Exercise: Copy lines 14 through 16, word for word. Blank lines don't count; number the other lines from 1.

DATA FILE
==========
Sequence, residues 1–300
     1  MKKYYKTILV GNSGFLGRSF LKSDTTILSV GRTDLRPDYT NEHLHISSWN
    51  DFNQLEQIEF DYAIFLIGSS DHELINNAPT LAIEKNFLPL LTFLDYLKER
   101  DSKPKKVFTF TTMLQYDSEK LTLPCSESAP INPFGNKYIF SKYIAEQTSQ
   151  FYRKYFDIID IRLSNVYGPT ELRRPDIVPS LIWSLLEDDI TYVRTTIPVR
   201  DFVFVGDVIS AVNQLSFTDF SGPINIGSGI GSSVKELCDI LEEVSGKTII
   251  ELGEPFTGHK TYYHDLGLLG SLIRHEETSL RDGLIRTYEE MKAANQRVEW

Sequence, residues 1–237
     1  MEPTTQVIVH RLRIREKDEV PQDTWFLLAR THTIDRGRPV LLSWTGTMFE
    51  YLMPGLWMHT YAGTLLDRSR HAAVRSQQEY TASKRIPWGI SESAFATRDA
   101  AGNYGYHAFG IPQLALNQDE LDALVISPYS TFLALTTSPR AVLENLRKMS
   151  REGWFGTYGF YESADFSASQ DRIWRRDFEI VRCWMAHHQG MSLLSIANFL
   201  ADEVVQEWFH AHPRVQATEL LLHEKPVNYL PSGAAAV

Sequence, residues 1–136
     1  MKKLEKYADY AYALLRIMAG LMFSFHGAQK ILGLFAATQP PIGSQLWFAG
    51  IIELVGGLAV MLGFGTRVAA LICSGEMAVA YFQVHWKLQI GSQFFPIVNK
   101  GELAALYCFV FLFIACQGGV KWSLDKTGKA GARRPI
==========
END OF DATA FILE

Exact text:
Sequence, residues 1–136
     1  MKKLEKYADY AYALLRIMAG LMFSFHGAQK ILGLFAATQP PIGSQLWFAG
    51  IIELVGGLAV MLGFGTRVAA LICSGEMAVA YFQVHWKLQI GSQFFPIVNK